Why is Excel crashing when loading Macro-Based workbooks?

I have used the same macro-based workbooks for years. Just recently, I attempted to load a workbook I use every day, but this time, after the Excel splash screen appeared and the file began to load, Excel suddenly vanished off the screen. I attempted to reload the same workbook and a file recovery panel appeared asking which copy I would like to save. This was not what I was expecting.

The Fix:

You can read how I derived this short fix in the paragraphs that follow, however, for those in a hurry to get back to normal: Remove the .NET 5 Runtime from your computer.

If you installed Visual Studio 2019 and the latest .NET Desktop Development workload, you likely have .NET 5 running on your system. The easiest way to determine the active .NET runtime is to open a terminal (cmd.exe) and type the following at the dos prompt: dotnet –info

The first item to appear on the console will be the currently active .NET runtime followed by a lot more information regarding .NET options on your machine.

If you installed .NET 5 using the Visual Studio installer, you must remove it using the Visual Studio installer.

Trouble Shooting to the Fix

I went to another computer and loaded the same file from the Network server and everything worked as expected. The file itself was not corrupt and the server connection was working fine. The question is, why is Excel crashing or disappearing from my screen?

I searched for answers on the web and although none of the solutions addressed my specific issue, the suggestion to perform a Quick Fix or an Online Fix could not be ignored. The Quick Fix did not solve the problem, nor did the Online Fix.

I opened a blank workbook and attempted to start VBA from the Developer tab. Excel became unresponsive almost immediately. I uninstalled Microsoft Office for Enterprise and re-installed it again. I restarted the computer to make sure all the changes would be in effect. Attempts to load the macro-based Excel workbooks continued to fail.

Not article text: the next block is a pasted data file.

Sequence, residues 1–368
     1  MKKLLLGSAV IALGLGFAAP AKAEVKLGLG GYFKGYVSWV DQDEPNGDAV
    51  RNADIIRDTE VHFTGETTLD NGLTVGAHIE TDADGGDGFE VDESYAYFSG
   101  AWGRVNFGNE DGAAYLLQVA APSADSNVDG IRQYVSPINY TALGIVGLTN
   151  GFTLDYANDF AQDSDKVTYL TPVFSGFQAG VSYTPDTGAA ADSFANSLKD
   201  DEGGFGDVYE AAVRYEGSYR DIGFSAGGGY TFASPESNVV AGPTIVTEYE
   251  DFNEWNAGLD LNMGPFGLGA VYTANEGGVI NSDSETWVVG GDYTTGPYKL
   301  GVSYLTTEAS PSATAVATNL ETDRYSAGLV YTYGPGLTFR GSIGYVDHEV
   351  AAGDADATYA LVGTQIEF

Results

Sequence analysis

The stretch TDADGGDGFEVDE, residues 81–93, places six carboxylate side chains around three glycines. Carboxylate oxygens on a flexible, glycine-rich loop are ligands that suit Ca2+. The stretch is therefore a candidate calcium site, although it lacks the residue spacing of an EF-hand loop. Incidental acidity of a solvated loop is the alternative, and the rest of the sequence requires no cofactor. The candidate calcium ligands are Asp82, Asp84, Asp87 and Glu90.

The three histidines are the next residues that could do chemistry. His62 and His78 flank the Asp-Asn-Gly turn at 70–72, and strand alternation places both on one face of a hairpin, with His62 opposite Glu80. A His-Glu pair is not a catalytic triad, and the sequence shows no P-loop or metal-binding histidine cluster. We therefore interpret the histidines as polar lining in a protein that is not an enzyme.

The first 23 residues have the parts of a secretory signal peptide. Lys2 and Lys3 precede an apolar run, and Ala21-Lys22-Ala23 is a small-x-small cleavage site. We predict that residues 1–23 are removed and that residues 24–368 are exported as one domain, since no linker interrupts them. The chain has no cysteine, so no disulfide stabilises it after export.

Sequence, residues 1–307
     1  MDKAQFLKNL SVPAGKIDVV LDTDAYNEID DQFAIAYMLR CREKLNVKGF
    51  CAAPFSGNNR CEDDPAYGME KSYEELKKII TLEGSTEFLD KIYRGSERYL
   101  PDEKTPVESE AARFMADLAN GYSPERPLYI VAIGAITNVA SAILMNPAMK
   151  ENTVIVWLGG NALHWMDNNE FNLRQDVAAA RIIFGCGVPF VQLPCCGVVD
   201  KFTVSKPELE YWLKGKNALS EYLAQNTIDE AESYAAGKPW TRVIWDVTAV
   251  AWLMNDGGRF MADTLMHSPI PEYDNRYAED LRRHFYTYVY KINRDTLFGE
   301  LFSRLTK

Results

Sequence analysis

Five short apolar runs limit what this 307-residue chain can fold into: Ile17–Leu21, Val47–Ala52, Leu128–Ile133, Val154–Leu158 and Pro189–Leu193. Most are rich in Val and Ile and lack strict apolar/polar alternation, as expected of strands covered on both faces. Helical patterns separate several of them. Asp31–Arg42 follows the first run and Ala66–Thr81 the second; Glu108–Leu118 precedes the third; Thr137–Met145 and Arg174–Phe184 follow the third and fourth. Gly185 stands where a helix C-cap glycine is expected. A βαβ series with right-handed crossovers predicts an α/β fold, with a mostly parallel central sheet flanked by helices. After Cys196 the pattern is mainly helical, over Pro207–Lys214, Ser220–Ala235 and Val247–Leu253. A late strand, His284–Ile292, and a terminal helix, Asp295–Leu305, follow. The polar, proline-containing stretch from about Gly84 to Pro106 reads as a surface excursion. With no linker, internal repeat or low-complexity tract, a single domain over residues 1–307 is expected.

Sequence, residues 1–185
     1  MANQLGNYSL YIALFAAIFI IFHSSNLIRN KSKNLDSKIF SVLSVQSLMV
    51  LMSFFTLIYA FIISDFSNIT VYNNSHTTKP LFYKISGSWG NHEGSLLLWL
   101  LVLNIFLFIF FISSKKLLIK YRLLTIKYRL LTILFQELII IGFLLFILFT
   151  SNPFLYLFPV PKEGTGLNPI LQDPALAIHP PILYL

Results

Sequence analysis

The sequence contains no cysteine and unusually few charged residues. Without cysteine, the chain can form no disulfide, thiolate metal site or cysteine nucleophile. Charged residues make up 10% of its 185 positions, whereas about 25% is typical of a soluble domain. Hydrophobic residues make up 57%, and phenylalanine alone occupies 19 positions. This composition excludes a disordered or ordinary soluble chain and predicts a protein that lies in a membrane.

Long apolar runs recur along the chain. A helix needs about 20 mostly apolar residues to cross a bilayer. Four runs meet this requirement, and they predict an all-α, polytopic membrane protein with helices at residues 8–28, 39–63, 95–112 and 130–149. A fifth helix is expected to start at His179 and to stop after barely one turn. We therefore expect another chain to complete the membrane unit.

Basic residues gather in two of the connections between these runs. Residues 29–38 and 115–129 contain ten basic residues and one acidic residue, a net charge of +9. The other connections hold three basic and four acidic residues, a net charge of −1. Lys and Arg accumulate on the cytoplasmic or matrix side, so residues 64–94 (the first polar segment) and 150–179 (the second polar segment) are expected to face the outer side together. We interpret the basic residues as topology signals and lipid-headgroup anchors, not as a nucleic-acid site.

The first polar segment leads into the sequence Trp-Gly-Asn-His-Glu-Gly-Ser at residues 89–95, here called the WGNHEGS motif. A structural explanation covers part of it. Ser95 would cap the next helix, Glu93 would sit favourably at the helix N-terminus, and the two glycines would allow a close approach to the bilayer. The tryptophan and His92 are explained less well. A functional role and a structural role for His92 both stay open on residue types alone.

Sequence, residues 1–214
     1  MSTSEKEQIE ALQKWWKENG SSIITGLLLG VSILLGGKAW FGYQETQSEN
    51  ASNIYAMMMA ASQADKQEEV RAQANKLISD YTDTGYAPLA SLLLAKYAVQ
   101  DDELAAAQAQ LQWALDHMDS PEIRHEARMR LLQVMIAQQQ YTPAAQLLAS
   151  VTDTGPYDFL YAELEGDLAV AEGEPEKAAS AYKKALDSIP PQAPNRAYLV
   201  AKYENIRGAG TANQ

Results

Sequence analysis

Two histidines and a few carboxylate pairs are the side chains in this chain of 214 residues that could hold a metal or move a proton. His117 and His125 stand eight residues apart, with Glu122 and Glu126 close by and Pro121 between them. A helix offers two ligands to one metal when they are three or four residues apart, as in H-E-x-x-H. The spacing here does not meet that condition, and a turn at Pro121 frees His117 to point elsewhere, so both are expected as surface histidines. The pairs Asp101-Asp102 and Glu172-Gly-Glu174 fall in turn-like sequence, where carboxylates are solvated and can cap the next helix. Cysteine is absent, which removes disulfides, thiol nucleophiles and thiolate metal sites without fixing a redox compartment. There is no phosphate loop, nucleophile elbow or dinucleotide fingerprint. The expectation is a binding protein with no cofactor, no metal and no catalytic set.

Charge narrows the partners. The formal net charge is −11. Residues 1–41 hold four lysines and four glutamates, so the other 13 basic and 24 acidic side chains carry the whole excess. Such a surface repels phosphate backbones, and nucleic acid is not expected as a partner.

I changed the security settings in Excel to disable macros and also turned off the “Compile on Demand” feature from within the VBA > Tools settings. The file loaded, but I couldn’t run the macros required to retrieve the latest data from the Server.

Something on my computer changed and the only possible culprit was the recently added Visual Studio 2019 (16.9.0) Preview 2.0. Why would that change what was happening with Excel? After reading about DPI awareness and settings that may affect other applications, I thought maybe that had something to do with what was going on. While I received an education on DPI awareness, the graphs and other features of Excel were performing as expected – except for VBA.

I decided to run the Visual Studio Installer again and noted the description below the “.NET desktop development” workload: Build WPF, Windows Forms, and console applications using C#, Visual Basic, and F# with .NET Core and .NET Framework.

The Universal Windows Platform development workload has a similar description: Create applications for the Universal Windows Platform with C#, VB, or optionally C++.

When these options are selected, the .NET 5.0 Runtime is also selected. I ran the dotnet –info command from a terminal screen and confirmed that .NET 5.0 was active.

Resolving The FIX

I discovered that Windows automatically runs the latest version of the .NET runtime installed on your computer even though this was installed using Visual Studio 2019. Although there was mention of using or modifying a global.json file, a search of my drives revealed that no such file existed on my system.

Getting back to the Visual Studio Installer, I unchecked the .NET 5.0 Runtime under the Individual Components tab and removed it from my system. After restarting my computer, I attempted to load the macro-based Excel workbook again. The file loaded successfully and everything was back to normal.

I advised Microsoft of the concern as I managed to repeat the results confirming successful loads and VBA functionality without .Net 5 and failure to load macro-based workbooks with .NET 5 active.

This process took a few days to resolve as the link to Visual Studio 2019 and .NET 5 was not immediately clear. No one else seems to have reported this error so Google was of little help this time around.

If you found this article, I’m hoping that it will save you from having to jump the hurdles I did. A most frustrating experience that became a moment of great learning.

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